Coupling Fluid-Flow and Geomechanics in Dual-Porosity Modeling of Naturally Fractured Reservoirs
- Her-Yuan Chen (New Mexico Institute of Mining and Technology) | Lawrence W. Teufel (New Mexico Institute of Mining and Technology)
- Document ID
- Society of Petroleum Engineers
- SPE Annual Technical Conference and Exhibition, 5-8 October, San Antonio, Texas
- Publication Date
- Document Type
- Conference Paper
- 1997. Society of Petroleum Engineers
- 1.2.3 Rock properties, 1.2.2 Geomechanics, 5.8.6 Naturally Fractured Reservoir, 5.3.4 Integration of geomechanics in models
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The purpose of this study is to formulate a coupled fluid-flow/geomechanics model of a naturally fractured reservoir. Fluid flow is modeled within the context of dual-porosity (more generally, overlapping-continuum) concept while geomechanics is modeled following Biot's isothermal, linear poroelastic theory. The development follows along the line of the conventional and existing porous fluid-flow modeling. The commonly used systematic fluid-flow modeling is therefore preserved. We show how the conventional fluid-flow dual-porosity formulations are extended to a coupled fluid flow/geomechanics model. Interpretation of the pore volumetric changes of the dual continua, fractures and matrix-blocks, and the associated effective stress laws are the most difficult and critical coupling considerations. New relations describing the dual rock volumetric changes are presented. These relations allow a smooth and consistent transition between single-porosity and dual-porosity concepts and are in terms of measurable quantities. Reduction to the single-porosity is presented to demonstrate the conceptual consistency of the proposed model.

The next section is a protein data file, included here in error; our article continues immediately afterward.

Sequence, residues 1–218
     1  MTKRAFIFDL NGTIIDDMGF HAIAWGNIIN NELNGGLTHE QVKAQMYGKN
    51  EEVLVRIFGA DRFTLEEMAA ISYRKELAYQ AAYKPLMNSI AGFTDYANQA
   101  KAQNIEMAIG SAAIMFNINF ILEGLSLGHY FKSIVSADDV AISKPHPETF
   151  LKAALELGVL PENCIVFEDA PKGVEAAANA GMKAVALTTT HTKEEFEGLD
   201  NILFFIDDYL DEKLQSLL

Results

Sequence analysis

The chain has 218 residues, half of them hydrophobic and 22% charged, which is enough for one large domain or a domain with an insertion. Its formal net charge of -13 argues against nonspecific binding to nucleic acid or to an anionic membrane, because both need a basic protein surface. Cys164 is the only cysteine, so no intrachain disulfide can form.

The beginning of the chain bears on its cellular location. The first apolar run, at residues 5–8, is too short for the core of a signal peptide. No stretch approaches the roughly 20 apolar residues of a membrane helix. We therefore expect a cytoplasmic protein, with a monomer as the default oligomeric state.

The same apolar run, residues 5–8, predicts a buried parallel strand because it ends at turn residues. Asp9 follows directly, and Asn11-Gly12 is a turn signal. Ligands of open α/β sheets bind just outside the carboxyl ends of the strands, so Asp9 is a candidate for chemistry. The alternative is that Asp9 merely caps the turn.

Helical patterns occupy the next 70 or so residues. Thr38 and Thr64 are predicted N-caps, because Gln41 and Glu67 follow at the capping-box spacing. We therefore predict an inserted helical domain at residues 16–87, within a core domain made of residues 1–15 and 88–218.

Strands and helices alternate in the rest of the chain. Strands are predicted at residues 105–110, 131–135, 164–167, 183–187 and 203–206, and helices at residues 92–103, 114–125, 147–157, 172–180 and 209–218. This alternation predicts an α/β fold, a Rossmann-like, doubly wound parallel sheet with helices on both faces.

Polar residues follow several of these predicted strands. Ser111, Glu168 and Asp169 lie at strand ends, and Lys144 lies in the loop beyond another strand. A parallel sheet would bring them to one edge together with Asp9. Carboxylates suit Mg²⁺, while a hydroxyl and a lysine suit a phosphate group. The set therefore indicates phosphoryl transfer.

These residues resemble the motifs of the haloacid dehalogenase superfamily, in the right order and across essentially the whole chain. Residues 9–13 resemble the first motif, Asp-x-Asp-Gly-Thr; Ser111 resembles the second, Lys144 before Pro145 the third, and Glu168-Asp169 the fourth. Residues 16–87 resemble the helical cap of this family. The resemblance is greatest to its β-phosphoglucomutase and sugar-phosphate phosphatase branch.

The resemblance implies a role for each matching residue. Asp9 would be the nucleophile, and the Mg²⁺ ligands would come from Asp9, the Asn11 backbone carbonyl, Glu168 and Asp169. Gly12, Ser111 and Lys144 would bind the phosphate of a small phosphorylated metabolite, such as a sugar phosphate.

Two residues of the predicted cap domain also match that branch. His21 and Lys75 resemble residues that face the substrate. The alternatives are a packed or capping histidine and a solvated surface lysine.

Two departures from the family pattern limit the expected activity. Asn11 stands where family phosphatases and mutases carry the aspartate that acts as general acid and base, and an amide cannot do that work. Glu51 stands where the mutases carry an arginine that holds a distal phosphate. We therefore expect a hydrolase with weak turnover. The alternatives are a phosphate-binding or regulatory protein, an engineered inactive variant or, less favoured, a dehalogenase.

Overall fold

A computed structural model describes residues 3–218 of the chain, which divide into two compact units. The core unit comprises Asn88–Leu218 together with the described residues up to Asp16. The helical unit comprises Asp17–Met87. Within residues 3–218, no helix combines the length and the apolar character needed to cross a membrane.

Geomechanics is particularly important in petroleum reservoir management of naturally fractured reservoirs [Teufel et al., 1993]. Economical petroleum production from most naturally fractured reservoirs relies on the fracture permeability (including magnitude and orientation of an isotropy). Natural fractures basically are the product of evolving rock stress state. Therefore any disturbance of the stress field, such as due to fluid production/injection, can affect the existing fractures (e.g., opening, closure, reorientation) and the associated reservoir performance. A coupled fluid-flow/geomechanics model thus provides a rational tool for a better understanding and management of a naturally fractured reservoir.
The theory describing fluid-solid coupling was first presented by Biot [1941, 1955, 1956] in which mechanical issues were emphasized over the fluid flow issues. Because of this, Biot's theory is less compatible with the conventional fluid-flow models (without geomechanics considerations) in terms of concept understanding, physical interpretation of parameters involved (e.g., rock compressibilities), and computer code upgrading. These issues, however, can be resolved if Biot's theory is reinterpreted and reformulated along the line of conventional fluid-flow modeling as done by Geertsma  and Vermijt , and recently by Chen et al. . In essence, these reformulations provide better "compatibility" and "expandability" to the existing fluid-flow knowledge and models.
The original Biot's theory is a single-fluid/single-solid model, i.e., a single-porosity type of model from a fluid-flow point of view. Naturally fractured reservoirs are often modeled by the dual-porosity (overlapping continuum) type of concept developed by Barenblatt et al.  (also Warren and Root ). Models incorporating both Biot's poroelastic theory and Barenblatt et al's dual-porosity concept have been studied by several authors. These models can be classified into two types based on the approach taken.
The first approach is based on mixture theory and was adopted by Wilson and Aifantis , Beskos and Aifantis , and Bai et al.'s . Two related features of the resulting formulations are: (i) all the fluid-flow equations in a "mixture" have the same functional form as that of a single- porosity if the fluid exchange term is dropped, and (ii) phenomenological coefficients are proposed firstly and their physical interpretations are deduced, if necessary, after the completion of the formulation. Item (i) implies that the stress- dependent rock properties in one continuum are independent of the other mixing continua. This in turn may cause difficulty for the later physical interpretation (i.e., item (ii)) and even inconsistency with the geomechanical equations adopted.
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